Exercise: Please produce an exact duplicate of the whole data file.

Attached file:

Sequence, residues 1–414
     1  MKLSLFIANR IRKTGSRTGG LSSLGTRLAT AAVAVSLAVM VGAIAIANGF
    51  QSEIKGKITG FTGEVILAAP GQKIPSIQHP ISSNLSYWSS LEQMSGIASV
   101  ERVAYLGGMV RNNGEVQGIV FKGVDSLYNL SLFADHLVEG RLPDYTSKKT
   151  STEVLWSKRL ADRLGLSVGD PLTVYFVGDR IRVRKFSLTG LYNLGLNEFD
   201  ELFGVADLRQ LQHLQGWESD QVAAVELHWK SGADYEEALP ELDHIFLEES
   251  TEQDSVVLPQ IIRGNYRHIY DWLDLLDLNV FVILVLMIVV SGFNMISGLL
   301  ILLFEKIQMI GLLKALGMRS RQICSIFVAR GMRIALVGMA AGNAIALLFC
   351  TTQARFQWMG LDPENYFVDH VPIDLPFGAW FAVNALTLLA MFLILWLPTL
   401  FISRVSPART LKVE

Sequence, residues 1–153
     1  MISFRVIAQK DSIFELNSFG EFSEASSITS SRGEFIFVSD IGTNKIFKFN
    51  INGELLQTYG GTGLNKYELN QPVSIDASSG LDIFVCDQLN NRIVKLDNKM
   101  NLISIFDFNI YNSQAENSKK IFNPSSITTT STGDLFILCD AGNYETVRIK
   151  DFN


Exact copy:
Sequence, residues 1–414
     1  MKLSLFIANR IRKTGSRTGG LSSLGTRLAT AAVAVSLAVM VGAIAIANGF
    51  QSEIKGKITG FTGEVILAAP GQKIPSIQHP ISSNLSYWSS LEQMSGIASV
   101  ERVAYLGGMV RNNGEVQGIV FKGVDSLYNL SLFADHLVEG RLPDYTSKKT
   151  STEVLWSKRL ADRLGLSVGD PLTVYFVGDR IRVRKFSLTG LYNLGLNEFD
   201  ELFGVADLRQ LQHLQGWESD QVAAVELHWK SGADYEEALP ELDHIFLEES
   251  TEQDSVVLPQ IIRGNYRHIY DWLDLLDLNV FVILVLMIVV SGFNMISGLL
   301  ILLFEKIQMI GLLKALGMRS RQICSIFVAR GMRIALVGMA AGNAIALLFC
   351  TTQARFQWMG LDPENYFVDH VPIDLPFGAW FAVNALTLLA MFLILWLPTL
   401  FISRVSPART LKVE

Sequence, residues 1–153
     1  MISFRVIAQK DSIFELNSFG EFSEASSITS SRGEFIFVSD IGTNKIFKFN
    51  INGELLQTYG GTGLNKYELN QPVSIDASSG LDIFVCDQLN NRIVKLDNKM
   101  NLISIFDFNI YNSQAENSKK IFNPSSITTT STGDLFILCD AGNYETVRIK
   151  DFN